by Byron Connolly

Budget 2015: $60.5M for first stage of Centrelink upgrade

May 13, 20152 mins

The Abbott government will provide $60.5 million over the next four years to progress ‘tranche one’ of its $1 billion project to replace its 30-year-old welfare payment system.

Under the Welfare Payment Infrastructure Transformation Program, the Department of Human Services (DHS) will progressively rollout a new system to handle Centrelink payments and catch welfare cheats.

The current system delivers around $100 billion in payments to 7.3 million people each year.

During tranche one of the program, DHS will undertake the detailed business planning, scoping and design work required to deliver new system, in addition to delivering four projects to enhance the digital service delivery experience for DHS customers, the government said.

The cost of this measure will be offset from existing resources within the Social Services Portfolio, the government said.

Meanwhile, the government said it would achieve $31.4 million in savings over two years by reforming back-office IT systems. This includes business apps used to manage and integrate transactional business processes within Australian government agencies.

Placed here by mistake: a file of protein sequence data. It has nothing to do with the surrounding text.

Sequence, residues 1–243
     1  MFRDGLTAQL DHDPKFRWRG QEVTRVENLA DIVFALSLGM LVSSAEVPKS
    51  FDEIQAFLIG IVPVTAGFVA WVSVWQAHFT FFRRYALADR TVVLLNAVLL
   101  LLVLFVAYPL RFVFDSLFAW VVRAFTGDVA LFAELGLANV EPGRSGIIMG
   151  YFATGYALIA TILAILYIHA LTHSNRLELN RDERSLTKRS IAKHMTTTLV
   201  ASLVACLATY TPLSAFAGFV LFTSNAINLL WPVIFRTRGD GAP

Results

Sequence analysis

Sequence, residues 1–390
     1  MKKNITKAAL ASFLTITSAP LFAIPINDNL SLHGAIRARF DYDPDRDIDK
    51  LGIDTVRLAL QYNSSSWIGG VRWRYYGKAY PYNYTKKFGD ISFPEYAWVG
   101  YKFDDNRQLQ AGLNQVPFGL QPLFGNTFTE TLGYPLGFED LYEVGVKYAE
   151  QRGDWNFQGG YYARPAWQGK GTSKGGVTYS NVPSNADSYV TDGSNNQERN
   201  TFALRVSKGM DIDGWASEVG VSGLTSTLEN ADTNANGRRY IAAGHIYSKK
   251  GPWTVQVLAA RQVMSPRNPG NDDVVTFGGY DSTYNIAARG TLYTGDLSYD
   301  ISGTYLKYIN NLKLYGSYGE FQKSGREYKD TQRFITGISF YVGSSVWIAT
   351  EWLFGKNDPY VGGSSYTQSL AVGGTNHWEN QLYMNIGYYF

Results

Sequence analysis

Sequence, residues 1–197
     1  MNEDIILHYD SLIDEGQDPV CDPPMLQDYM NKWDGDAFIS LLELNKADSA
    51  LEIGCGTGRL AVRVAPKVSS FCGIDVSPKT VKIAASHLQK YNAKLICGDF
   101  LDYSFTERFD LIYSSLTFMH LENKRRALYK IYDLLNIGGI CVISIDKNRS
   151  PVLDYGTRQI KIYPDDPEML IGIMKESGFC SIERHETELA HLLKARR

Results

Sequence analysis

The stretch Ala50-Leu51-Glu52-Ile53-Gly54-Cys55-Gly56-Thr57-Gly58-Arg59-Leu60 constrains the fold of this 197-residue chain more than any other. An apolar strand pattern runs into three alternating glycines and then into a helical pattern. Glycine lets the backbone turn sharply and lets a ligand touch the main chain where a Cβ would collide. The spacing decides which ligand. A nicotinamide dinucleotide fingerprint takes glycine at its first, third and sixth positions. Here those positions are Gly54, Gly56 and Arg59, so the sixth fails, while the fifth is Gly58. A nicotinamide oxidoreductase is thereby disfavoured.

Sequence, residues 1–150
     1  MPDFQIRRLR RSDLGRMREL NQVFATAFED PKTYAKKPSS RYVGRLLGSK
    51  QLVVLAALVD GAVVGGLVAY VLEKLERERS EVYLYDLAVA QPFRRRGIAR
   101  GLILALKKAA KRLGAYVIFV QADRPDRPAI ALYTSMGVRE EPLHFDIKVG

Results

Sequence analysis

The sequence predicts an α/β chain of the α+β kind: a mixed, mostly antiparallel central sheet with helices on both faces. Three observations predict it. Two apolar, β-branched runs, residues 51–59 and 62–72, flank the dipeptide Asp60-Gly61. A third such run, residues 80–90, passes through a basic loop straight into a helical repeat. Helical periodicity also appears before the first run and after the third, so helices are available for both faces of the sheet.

The number of ERP systems will be consolidated to reduce costs from running multiple platforms to deliver more common business processes, the government said.

“A further $12.9 million over two years in savings from the Department of Defence will be reinvested in Defence capability. This will contribute to streamlining the public sector and help ensure resources are deployed efficiently,” Budget papers said.

“The savings from this measure will be redirected by the Government to repair the Budget and fund policy priorities.”

Gartner’s Asia-Pacific head of research, Ian Bertram, said while there are certainly opportunities to leverage common ERP platforms, the most significant gains here are usually made outside IT itself in areas such as employment, terms and conditions for HR platforms.

“Greater attention should be given to these before assuming that simply choosing an IT solution can act as a panacea for existing problems,” Bertram said.

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